The women in the insulin group were older, were more often multiparous, and had a higher pre-gestational BMI. No differences in earlier diagnosis of PCOS, hypertension, history of spontaneous abortion, smoking during pregnancy, and ethnicity were observed between the groups. The frequency rates of previous GDM, a previous neonate weighing ≥ 4500 gram at birth, and first-degree relative with diabetes were higher in the insulin group. The median fasting glucose level and two-hour glucose level after a 75-gram OGTT at time of GDM diagnosis were higher in the insulin-group compared with the diet group.
Predictors of need for insulin therapy
Table 2 shows the significant predictors of need for insulin therapy. Previous GDM, family history of diabetes, a previous infant weighing ≥ 4500 gram, Middle-Eastern/ North-African descent, multiparity, pre-gestational BMI ≥ 30 kg/m2 , and an increased fasting glucose level and two-hour glucose after a 75-gram OGTT at GDM diagnosis were significant predictors of need for insulin therapy, with a fasting glucose level ≥ 5.5 mmol/l having the highest OR 6.03; CI 3.56-10.22.
Stratification of diet-treated group
Of the 460 diet-treated women, 229 women (49.8%) were excluded because of other indications for induction. Table 3 gives an overview of these indications. Table 4 shows GDM pregnancies without (106 women (45.9%)) and with (125 women (54.1%)) obstetric and/or neonatal complications. Primiparity and higher weight gain during pregnancy were the best predictors for complications (predictive probability 0.586 and 0.603) respectively.
In this study we identified the following risk factors in GDM that predicted the need for additional insulin therapy: previous GDM, family history of diabetes, a previous infant weighing ≥ 4500 gram, Middle-Eastern/ North-African descent, multiparity, pre-gestational BMI ≥ 30 kg/m2 , and a markedly increased fasting and two-hour glucose level after a 75-gram OGTT at time of GDM diagnosis. A fasting glucose level ≥ 5.5 mmol/l at time of GDM diagnosis was the strongest predictor of need for insulin therapy.
Moreover, the study showed that diet-treated primiparous women with GDM had more obstetric and/or neonatal complications compared with multiparous women. Also, a higher weight gain in diet-treated women with GDM was associated with more pregnancy complications.
Predictors of need for insulin therapy
Women who receive dietary advice but fail to maintain glycaemic control within 1-2 weeks generally receive additional insulin therapy. In several studies insulin therapy was required in ~20-30% of the women with GDM.12,13,21,22 In our study a higher percentage (44%) of women with GDM required additional insulin therapy. This is in line with two other studies which reported that 51-53% needed insulin therapy.23,24 Possible explanations for the wide range in percentages for insulin need between studies are: differences in the study population, dietary compliance, criteria for diagnosis of GDM, and criteria to start insulin therapy.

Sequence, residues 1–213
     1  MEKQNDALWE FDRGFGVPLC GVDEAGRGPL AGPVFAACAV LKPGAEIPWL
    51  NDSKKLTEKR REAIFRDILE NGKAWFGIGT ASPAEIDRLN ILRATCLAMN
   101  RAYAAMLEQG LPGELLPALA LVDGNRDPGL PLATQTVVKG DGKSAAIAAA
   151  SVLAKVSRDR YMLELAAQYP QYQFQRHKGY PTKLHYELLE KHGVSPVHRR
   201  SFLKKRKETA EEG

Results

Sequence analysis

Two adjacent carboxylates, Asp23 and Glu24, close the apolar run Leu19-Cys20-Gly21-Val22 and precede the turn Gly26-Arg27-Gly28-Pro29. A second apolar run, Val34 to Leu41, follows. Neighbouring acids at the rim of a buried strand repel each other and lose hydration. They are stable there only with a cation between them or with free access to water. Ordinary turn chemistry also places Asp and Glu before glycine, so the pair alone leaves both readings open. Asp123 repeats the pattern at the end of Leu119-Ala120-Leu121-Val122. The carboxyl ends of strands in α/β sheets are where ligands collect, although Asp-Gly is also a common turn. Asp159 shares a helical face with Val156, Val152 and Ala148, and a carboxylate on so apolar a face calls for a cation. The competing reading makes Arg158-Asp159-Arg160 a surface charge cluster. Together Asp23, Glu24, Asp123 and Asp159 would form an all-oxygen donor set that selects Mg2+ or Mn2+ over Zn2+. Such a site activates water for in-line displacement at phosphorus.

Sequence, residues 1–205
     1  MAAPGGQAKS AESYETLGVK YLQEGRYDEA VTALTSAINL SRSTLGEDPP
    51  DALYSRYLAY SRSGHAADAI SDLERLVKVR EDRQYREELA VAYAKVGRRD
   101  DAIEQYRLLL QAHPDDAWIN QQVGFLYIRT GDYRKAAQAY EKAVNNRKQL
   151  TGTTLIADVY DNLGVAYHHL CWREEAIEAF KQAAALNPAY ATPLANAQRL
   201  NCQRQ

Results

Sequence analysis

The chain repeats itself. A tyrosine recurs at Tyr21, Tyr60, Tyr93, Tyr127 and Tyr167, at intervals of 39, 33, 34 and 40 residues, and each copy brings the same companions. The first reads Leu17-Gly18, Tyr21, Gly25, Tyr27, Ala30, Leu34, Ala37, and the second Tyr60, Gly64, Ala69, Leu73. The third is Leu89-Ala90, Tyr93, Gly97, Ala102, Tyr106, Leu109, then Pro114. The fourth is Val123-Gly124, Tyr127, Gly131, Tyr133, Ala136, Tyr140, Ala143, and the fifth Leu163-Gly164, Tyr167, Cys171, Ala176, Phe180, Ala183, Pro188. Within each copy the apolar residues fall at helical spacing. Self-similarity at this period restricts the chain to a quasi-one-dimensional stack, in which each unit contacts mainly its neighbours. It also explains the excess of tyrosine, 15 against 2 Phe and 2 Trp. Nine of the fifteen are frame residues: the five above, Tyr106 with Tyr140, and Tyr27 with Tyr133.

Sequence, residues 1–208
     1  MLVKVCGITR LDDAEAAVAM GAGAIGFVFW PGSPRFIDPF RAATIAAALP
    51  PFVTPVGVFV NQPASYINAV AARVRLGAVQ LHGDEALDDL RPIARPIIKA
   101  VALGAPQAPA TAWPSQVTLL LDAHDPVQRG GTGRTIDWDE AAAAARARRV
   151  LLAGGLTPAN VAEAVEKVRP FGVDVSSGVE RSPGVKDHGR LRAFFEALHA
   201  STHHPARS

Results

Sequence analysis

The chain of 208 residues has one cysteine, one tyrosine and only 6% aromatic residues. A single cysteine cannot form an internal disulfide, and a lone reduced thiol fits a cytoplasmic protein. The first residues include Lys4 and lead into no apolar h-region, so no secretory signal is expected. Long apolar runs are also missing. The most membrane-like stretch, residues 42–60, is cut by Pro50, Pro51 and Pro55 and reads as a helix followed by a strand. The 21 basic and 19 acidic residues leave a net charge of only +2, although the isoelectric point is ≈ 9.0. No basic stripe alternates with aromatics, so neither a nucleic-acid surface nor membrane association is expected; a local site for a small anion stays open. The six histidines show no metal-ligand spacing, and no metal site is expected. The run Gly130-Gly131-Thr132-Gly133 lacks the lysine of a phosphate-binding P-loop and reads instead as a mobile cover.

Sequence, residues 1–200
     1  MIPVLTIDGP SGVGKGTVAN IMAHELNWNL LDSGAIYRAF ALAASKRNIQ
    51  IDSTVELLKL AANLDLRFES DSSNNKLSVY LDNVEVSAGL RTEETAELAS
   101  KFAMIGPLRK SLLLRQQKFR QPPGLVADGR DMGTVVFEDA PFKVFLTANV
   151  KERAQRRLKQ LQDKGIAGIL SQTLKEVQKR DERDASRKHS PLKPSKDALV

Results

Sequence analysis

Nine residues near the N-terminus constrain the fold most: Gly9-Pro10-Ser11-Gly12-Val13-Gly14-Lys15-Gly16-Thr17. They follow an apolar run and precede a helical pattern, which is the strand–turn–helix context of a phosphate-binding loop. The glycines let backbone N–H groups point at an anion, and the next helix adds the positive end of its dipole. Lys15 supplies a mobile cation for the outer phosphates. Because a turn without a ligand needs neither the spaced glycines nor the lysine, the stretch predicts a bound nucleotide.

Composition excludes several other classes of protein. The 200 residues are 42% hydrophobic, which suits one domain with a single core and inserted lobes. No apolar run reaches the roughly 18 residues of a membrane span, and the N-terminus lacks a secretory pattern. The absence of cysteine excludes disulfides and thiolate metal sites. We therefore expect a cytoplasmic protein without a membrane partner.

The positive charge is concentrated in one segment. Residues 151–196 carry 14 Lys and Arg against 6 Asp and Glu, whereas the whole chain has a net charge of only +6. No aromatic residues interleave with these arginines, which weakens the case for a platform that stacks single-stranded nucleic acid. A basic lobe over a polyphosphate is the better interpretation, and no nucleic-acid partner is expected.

A number of previous studies have addressed the possible predictors of the need for insulin therapy in women with GDM. In analogy to our study, three comparable studies with regard to sample size and ethnicity showed that elevated fasting plasma glucose at time of GDM diagnosis was a potent predictor for additional insulin therapy.23-25 One study25 showed in a large cohort of 2365 women with GDM that women requiring insulin therapy were more likely to have a fasting blood glucose of > 5.3 mmol/l (> 95 mg/dl) before a 100-gram OGTT. Moreover, the study found that multiparity, obesity, history of GDM, diagnosis, a three-hour glucose tolerance test > 7.8 mmol/l (> 140 mg/dl), and HbA1c of ≥ 6.0% at GDM diagnosis were additional predictors of the need for insulin therapy. In a second study,23 BMI, gestational age when GDM was diagnosed, and fasting and two-hour glucose levels after a 75-gram OGTT were independent predictors of insulin therapy among 612 women with GDM. For each increase of 0.5 mmol/l to the level of the fasting glucose, they reported an OR for insulin therapy of 2.75. The last study24 identified a number of significant predictors for insulin including measures of glycaemia – fasting glucose level – diagnosis, and family history of GDM among 3009 women with GDM. However, they found a low predictive power for the risk factors.
Although the aforementioned studies used different glucose targets and screening strategies, comparable results regarding fasting glucose levels were observed.
Similar to our study, these studies used ‘old’ diagnostic criteria, before the implementation of the more stringent criteria of the International Association of Diabetes and Pregnancy Study Groups (IADPSG) in 2010.23,24 The fasting glucose level – at time of GDM diagnosis – found in our study (≥ 5.5 mmol/l) is comparable with the national recommended fasting glucose target for start of insulin treatment (≥ 5.3 mmol/l), but much lower than the fasting glucose level used to diagnose GDM (≥ 7.0 mmol/l) according to our current national guideline. The fasting glucose level is more comparable with the new diagnostic criteria adopted by the IADPSG and the WHO 2013 (fasting glucose ≥ 5.1 mmol/l; one-hour ≥ 10.0 mmol/l; and a two-hour value ≥ 8.5 mmol/l).26,27 Revision of the diagnostic criteria of our national guideline seems justified, to overcome the discrepancy between the diagnostic cut-off and treatment target values of fasting glucose in GDM.